Figure 1
Box plot shows the distributions of log-transformed PSA values from low grade (Gleason score ≤ 6), and moderate to high grade (Gleason score > 6) prostate cancer patients.

The estimated PPV and NPV for different groups at t=10 years and their estimated 95% confidence intervals and simultaneous confidence bands are shown in Tables 3 and and4,4, respectively. For comparison we also calculated the corresponding PPV and NPV using the nonparametric estimators introduced in Zheng et al. (2008), using the data from each covariate group separately. The estimator is the most flexible as it does not involve any parametric assumptions about the failure time and either PSA or Gleason score. The estimates from the two semiparametric approaches agree well with those from the nonparametric procedure, suggesting that the assumptions used in the semiparametric models work well in this sample. The efficiencies of the two semiparametric models are comparable; as expected, the nonparametric estimators are relatively less efficient. Since NPVs for both groups do not appear to vary much over the entire range of PSA values we focus presentation below only on PPV. The covariate-specific PPV curves for v ranging from 0.1 to 0.9 from the proposed procedures are displayed in Figure 7. It appears that for low grade PC patients the averaged 10-year PC mortality risk stays at a very low level across a wide range of PSA values used as positivity criteria for defining a positive test. The averaged risk for 10-year mortality among these whose PSA values are at the top 10% of this subpopulation is only about 6% ( PPV^lowgrade(10,0.9)=0.06, 95% CI: [0.01, 0.12]). In contrast, for the subpopulation of patients with moderate to high grade cancer, the PPV curve increases relatively more steeply, an indication that PSA is quite informative at identifying patients with elevated risk of death by 10 years in this subpopulation. For example, at v = 0.1, the corresponding PPV^moderate/highgrade(10,0.1) is 0.15 (95% CI: [0.09, 0.18]), whereas PPV^moderate/highgrade(10,0.9) equals 0.44 (95% CI: [0.28, 0.60]) at v = 0.9. In other words, PSA is a more useful marker in helping patients with moderate or high grade tumors to make treatment decisions. Such information may be helpful for urologists to determine how many patients are eligible for more aggressive treatment based on both PSA and Gleason scores. For example, if patients with a 10-year mortality risk of at least 30% are eligible for an aggressive therapy, we may opt to only administer the treatment to those with high grade cancer and PSA values in the top 30% of the subpopulation. In contrast, if only the crude PPV curve is considered (as illustrated in Figure 1), we would use the same PSA threshold for these two groups. Nevertheless, those eligible patients with low Gleason scores would in fact have a very low risk of death within 10 years and therefore would not really benefit from the treatment. We conclude that covariate-specific PPV curves in this case indeed lead to more informed treatment decisions.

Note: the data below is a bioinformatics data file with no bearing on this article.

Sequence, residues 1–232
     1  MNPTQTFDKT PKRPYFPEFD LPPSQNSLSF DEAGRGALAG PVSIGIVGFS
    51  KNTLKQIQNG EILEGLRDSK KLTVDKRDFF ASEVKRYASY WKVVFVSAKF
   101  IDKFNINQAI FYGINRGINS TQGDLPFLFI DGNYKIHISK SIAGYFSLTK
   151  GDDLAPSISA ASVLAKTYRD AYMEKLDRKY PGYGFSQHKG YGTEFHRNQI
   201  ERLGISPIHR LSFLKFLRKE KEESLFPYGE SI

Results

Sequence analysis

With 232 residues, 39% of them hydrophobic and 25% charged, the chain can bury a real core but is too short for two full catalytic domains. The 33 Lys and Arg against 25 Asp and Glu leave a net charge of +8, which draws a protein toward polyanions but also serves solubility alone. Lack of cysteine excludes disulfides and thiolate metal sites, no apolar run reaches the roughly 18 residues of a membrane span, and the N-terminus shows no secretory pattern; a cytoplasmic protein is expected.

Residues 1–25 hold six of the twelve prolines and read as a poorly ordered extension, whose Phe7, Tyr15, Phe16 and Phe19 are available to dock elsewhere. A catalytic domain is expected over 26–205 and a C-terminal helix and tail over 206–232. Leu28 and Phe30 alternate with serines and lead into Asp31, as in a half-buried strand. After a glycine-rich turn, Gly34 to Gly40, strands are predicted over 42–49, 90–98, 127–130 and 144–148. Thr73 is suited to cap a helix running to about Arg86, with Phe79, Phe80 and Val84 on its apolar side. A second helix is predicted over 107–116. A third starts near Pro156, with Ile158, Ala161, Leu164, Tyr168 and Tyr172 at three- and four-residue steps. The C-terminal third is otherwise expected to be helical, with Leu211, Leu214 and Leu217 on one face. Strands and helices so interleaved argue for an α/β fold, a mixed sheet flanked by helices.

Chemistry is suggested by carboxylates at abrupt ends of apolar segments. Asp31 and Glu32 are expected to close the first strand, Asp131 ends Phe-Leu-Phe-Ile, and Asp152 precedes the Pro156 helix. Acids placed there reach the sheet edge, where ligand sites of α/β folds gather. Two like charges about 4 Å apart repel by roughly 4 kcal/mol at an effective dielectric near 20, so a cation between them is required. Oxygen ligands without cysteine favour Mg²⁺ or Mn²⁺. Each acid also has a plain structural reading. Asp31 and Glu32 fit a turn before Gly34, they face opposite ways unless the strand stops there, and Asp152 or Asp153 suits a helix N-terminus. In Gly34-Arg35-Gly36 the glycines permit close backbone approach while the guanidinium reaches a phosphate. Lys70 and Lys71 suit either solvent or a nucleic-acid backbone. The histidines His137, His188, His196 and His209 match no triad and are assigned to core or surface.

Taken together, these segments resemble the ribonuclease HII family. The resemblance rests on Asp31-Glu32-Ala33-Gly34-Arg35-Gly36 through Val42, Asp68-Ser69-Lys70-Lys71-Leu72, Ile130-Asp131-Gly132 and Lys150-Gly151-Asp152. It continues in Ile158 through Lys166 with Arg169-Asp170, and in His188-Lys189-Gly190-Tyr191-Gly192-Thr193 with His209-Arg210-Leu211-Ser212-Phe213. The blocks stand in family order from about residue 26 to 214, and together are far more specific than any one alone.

Table 3
Estimates (95% confidence intervals) and [95% confidence bands] of PPVz(t, v) at t = 10 years with various sample percentile (v) in the PC SPORE study.
Table 4
Estimates (95% confidence intervals) and [95% confidence bands] of NPVz(t, v) at t = 10 years with various sample percentile (v) in the PC SPORE study.

7. Discussion

When applying novel biomarkers into routine standard care, it is important to consider risk threshold to ensure that medical decisions are satisfying at the individual patient level. It is also important to identify factors that influence the performance of a biomarker in order to determine the optimal or suboptimal conditions or populations for test performance. By understanding the effects of the biomarker on different subgroups, intervention can be targeted for those individuals most likely to benefit, at a reasonable expense with nominal risk of complications. The covariate-specific time-dependent PPV curve provides a novel way to carry out this task.